A humanoid robot has accelerated vision restoration research by finding the best conditions to grow replacement retinal layers from human stem cells.
The AI system known as Maholo took just 185 days to complete experiments that would have taken humans two and a half years.
In just a quarter of the time, Maholo processed trial-and-error research with 200 million possible conditions.
The robot was created by a joint research group at the RIKEN Center for Biosystems Dynamic Research (BDR) in Kobe, Japan, to grow functional retinal pigment epithelial cells (RPE) from stem cells.
The degeneration of the RPE, a supporting cell layer that lies beneath our photoreceptors, is often seen in progressive disease that is the leading cause of blindness in the elderly.
RPE transplants have had some clinical success in the past.
The robot continuously repeated a series of exact movements and was able to evaluate the results to formulate the next experiment.
For every 100 stem cells, there were 50 RPE cells. These cells showed many of the biological markers that would make them suitable for transplantation.
The automation of life science research experiments that depend on a number of variables means that labor-intensive experiments that take months are avoided.
In the case of cell differentiation, the process by which stem cells are made from specific tissue, variables include finding the optimal type, dose, and timing of reagents.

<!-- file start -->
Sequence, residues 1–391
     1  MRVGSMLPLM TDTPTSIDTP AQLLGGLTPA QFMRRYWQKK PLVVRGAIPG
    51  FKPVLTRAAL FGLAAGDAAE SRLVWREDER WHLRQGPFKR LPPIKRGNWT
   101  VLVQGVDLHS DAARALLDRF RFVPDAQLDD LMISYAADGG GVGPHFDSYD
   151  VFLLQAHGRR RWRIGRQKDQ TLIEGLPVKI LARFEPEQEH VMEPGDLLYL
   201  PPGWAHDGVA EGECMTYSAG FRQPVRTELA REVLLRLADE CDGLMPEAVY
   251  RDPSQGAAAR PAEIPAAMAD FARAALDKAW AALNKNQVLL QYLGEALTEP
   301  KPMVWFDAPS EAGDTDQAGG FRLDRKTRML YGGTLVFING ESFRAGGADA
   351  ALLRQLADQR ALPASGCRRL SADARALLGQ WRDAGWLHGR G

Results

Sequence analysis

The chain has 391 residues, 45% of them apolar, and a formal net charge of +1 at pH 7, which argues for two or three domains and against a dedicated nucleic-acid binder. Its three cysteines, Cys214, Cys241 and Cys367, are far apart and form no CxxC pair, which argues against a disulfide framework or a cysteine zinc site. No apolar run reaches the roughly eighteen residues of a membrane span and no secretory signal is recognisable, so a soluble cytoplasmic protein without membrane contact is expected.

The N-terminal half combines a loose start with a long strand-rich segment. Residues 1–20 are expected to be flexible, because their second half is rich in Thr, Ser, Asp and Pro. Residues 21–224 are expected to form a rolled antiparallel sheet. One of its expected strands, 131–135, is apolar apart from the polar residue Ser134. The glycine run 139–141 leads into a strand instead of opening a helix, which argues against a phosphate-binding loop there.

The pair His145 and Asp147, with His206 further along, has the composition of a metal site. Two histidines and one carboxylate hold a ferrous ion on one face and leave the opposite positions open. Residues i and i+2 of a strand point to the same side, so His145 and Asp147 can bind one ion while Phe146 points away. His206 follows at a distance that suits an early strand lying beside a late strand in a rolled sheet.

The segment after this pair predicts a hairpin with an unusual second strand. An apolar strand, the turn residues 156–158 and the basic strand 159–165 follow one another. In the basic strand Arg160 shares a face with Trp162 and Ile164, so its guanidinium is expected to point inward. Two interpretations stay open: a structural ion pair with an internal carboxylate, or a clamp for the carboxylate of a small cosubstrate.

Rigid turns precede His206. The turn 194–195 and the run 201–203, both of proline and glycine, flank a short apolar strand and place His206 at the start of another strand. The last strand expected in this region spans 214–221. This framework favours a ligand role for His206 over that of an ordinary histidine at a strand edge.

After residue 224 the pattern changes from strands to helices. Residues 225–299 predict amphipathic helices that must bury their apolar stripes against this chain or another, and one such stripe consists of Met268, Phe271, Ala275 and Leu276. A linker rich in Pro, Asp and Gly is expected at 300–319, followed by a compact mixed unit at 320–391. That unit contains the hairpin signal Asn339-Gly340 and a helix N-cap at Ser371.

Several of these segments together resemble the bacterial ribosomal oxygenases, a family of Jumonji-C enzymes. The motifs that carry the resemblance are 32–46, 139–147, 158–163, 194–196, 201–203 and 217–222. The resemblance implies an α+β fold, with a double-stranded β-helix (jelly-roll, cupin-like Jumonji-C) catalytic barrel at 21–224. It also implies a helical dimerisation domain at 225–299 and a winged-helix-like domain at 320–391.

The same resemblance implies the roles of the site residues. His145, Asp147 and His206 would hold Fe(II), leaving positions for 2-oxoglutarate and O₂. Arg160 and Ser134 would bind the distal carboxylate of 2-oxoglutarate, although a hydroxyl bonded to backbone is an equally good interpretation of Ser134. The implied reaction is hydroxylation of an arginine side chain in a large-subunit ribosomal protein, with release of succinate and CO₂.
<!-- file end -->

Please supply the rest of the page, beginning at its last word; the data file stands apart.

Physical variables such as temperature, pipette strength and cell transfer time are extremely important “because minute differences in physical conditions have a significant impact on quality,” says team leader Genki Kanda.
The success of the new system extends beyond the researchers’ findings, as Kanda explained: “We chose to differentiate RPE cells from stem cells as a model, but in principle, combining a precision robot with the optimization algorithms will provide autonomous enabling trial and error experiments in many areas of the life sciences.”
Despite this, the research is not aimed at replacing humans with robots.
Kanda said, “Using robots and AI to conduct experiments will be of great interest to the public.”
“However, it is a mistake to see them as substitutes.”
“Our vision is that people do what they are good at, which is to be creative.”
“We can use robots and AI for the trial-and-error parts of experiments that require repeatable precision and time-consuming, but don’t require any thinking.”
The study was published on June 28 in the scientific journal eLife†
This story was provided to Newsweek by Zenger News†